Below our bedroom window, just to the left, is the outdoor plaza of an art gallery, La Maison Rouge. Mom told Ian and me weeks before that the gallery had an exhibit of artists from Winnipeg, Canada, called “My Winnipeg.” Ian’s from Winnipeg. We would later go there and see a photo of our friend, singer Burton Cummings of The Guess Who from Winnipeg, on the gallery's wall. I saw Burton's smiling face staring at me, did a double-take, and elbowed Ian. He gasped, "What?! You mean we've been sleeping, in Paris, right above Burton's face?" Weird.
Wow… If our apartment seemed perfect then, the following days would reveal, even more, that Mom and Bill couldn’t have found a better place. The location and view (At night, on the hour, the Eiffel Tower sparkles) could not have been better.
The apartment is walking distance from literary haunts of Gertrude Stein, James Joyce and Ernest Hemingway, to name just a few late writers who lived, wrote and played along with artists like Picasso on the Left Bank. Also within walking distance: Ile Saint-Louis, Notre Dame, ancient Roman road Rue Mouffetard (now alive with cafes and shops) and Place de la Contrescarpe (in Hemingway’s old Neighborhood); medieval Roman ruins of the Cluny and Arenes de Lutece; lush and colorful Jardin des Plantes; the plethora of cafes in the less touristy Marais; clubs and cafés on Rue de la Roquette and Rue de Lappe in the Bastille; the haunting and ancient cemetery Pere la Chaise; outdoor markets (Bastille and Aligre), and the summer Plages along the Seine (Yes, a beach on the Seine: sand castles, boule, lawn chairs, music, a swimming pool, food and drinks).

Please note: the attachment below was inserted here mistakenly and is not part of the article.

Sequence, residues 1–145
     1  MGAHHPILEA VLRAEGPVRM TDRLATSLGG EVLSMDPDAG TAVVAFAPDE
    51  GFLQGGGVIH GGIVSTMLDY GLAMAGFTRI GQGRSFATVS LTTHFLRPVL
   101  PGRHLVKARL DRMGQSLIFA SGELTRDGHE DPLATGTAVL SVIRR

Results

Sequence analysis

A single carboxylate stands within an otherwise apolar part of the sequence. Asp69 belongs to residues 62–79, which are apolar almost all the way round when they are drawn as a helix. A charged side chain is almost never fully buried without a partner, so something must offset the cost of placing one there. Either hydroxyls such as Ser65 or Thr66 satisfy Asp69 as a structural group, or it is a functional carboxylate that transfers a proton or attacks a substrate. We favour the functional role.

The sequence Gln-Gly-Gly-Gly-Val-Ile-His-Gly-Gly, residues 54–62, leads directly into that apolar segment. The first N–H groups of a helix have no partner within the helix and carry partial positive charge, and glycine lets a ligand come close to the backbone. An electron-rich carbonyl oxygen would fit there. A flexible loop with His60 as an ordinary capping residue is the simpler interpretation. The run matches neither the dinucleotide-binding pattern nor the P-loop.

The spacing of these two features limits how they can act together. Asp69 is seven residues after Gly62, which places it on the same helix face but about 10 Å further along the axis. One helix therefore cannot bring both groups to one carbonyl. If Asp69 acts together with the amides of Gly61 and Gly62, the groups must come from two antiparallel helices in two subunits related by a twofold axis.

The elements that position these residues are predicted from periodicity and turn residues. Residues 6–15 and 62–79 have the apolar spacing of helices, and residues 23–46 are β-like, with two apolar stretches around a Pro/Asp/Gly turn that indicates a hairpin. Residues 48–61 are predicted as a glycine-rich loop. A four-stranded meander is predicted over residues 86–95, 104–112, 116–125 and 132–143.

When we wanted to explore beyond this incredible area, we simply hopped on the Metro (Bastille Metro line 1, not many blocks away to our right, and Quai de la Rapée Metro line 5, just across from the apartment’s entrance).
Now that I'm home, there's so much I miss. I miss walking across the bridge to visit my mom and Bill on their beautiful boat; buying quiche Lorraine at the boulangerie around the corner; watching children run through the flowers and sprinklers at the Jardin des Plantes; ogling a stunning red gown in a boutique window in the Montparnasse, and then, looking over my shoulder to catch a nun stop to see what I was gasping at, only to watch a wide smile light her face in pleasure at the dress' beauty.
I miss walking out the apartment door, never knowing what we would discover: the home where French philosopher René Descartes died, near Place de la Contrescarpe; the building where the principles of gas and lighting were discovered (theorized, yes - though never actually put into reality); Gertrude Stein's former apartment where Hemingway and Picasso liked to visit; rich hot chocolate, quiche with caraway seeds, grilled toast with leeks and bubbling cantral cheese... and discovering that saying "bonjour" instead of thank you or goodbye makes even the most straight-faced Parisian laugh - with pity? Maybe. Probably...
But those two weeks in Paris went by in a blur, just as I knew they would.
*Next, I’ll write about all that we discovered and experiences that can not be missed, i.e. one of the most memorable dinners of my life; literary walks, favorite museums, neighborhoods I enjoyed most and why.